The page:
I have a peanut allergy, and as a kid on Halloween, my parents would have to take half (or more) of the candy away that I came home with because it had peanuts or the peanut warning. It was so devastating and frustrating as a kid (before I knew what it was like to actually be devastated and frustrated). While I hope it has gotten better over the years, ever since then, I still think about every kid with a peanut allergy on Halloween.
Now, I know we can’t cater to every allergy on Halloween, but according to Food Allergy Canada, “Peanut allergy is one of the most common food allergies, and it is considered a priority food allergen by Health Canada. Priority food allergens are the foods that cause the majority of allergic reactions.”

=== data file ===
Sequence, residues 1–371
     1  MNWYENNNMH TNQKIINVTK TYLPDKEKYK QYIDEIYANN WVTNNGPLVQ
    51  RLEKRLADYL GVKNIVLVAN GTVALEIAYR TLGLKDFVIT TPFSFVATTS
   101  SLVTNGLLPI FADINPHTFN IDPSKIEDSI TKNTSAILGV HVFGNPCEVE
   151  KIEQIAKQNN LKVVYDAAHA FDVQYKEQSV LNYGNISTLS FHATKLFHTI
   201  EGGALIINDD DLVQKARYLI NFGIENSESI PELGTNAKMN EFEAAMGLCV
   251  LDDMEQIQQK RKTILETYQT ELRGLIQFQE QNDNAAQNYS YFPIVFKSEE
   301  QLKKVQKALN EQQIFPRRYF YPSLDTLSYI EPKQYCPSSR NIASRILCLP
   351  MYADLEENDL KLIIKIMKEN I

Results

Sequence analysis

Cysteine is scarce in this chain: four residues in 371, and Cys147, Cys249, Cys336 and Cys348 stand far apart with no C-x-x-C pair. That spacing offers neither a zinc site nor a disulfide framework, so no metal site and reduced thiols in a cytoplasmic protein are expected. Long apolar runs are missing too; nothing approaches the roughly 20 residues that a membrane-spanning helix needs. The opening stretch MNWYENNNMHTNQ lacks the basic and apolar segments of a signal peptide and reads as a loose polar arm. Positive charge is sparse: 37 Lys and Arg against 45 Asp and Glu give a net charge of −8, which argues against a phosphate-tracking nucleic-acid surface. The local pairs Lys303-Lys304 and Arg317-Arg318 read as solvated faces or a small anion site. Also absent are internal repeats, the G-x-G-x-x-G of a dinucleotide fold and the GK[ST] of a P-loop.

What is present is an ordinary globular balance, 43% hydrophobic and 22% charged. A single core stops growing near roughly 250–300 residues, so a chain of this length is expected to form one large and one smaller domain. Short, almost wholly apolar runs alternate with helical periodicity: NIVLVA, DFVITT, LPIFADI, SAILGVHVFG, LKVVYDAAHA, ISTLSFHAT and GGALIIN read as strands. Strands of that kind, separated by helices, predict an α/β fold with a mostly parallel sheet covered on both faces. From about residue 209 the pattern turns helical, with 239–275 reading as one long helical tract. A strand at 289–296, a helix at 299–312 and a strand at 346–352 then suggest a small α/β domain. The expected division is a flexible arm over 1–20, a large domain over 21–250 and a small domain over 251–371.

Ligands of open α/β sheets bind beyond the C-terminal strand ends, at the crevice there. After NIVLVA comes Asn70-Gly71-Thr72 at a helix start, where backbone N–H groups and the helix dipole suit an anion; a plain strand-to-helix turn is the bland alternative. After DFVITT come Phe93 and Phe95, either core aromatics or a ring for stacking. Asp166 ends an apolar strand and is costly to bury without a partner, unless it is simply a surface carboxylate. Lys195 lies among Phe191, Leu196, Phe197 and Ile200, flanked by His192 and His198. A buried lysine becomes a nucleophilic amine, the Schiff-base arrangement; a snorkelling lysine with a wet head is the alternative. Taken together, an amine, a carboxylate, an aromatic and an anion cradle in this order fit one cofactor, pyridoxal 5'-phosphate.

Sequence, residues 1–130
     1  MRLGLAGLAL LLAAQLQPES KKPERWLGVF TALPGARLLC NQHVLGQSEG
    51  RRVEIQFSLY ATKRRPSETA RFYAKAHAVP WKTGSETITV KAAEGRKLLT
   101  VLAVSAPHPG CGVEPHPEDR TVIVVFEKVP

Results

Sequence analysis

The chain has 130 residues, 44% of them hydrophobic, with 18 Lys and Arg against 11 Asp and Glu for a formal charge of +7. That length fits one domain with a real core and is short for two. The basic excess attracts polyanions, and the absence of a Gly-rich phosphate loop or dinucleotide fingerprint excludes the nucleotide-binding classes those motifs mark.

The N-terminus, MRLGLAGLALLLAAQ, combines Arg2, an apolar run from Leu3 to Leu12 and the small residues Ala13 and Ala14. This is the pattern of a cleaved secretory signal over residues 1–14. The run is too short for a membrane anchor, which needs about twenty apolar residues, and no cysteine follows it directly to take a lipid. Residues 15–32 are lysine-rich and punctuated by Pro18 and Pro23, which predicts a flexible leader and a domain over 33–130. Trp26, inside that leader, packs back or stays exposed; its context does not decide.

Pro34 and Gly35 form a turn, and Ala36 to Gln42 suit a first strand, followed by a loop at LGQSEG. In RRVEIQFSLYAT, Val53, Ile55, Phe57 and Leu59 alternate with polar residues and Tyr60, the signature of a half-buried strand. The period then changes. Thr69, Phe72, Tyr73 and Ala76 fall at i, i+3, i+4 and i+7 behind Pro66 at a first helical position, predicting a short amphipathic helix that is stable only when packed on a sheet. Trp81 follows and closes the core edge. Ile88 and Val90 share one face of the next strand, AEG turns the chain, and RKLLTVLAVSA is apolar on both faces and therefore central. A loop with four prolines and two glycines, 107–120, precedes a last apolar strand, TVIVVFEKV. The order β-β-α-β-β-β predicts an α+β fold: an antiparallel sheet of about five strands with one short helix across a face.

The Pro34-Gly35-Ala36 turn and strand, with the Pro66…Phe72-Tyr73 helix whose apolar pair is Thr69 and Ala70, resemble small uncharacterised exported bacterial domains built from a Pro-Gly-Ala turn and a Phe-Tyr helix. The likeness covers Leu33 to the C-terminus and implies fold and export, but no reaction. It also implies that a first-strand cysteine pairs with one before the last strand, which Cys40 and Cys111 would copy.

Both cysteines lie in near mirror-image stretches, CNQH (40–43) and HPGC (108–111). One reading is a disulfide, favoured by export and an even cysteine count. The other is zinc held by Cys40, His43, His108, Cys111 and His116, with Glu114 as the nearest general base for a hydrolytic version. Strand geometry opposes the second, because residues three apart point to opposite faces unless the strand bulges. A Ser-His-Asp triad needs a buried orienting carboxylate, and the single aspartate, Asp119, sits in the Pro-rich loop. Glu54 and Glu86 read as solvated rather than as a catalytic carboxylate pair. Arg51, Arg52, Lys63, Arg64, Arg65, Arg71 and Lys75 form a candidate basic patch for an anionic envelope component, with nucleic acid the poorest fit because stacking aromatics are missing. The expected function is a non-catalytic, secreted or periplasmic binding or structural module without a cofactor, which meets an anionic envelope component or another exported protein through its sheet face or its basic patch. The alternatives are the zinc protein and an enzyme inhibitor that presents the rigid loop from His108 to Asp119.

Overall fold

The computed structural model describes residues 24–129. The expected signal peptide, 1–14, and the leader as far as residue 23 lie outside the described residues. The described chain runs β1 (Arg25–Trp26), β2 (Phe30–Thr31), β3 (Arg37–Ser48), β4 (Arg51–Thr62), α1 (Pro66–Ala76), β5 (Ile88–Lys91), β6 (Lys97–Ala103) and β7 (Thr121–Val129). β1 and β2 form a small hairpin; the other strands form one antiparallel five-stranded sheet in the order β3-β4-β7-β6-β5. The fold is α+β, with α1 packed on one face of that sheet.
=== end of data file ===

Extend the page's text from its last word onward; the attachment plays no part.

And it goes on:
What you can do:
Obviously, don’t buy candy with peanuts or the warning. Parents of someone with a peanut allergy should do the same to set an example, even if their child has “outgrown” trick-or-treating.
At least buy candy with ingredients on the individual packages.
Buy many options of candy. This will be helpful for kids with other allergies too.
Spread awareness. Tell friends and family to buy peanut-free candy. Post about it on social media. Not only for someone you know but for all kids.
If you’re a parent of a child with a peanut allergy, tuck some peanut-free candy away then give it to your child if they end up having to throw lots away.
Also, know that it’s not the time to teach your child about being grateful. If they think about the candy being taken away instead of the candy they got to keep, just let them. Empathize with them. If they say it isn’t fair, it isn’t.
Please make this a safe and fun Halloween for everyone!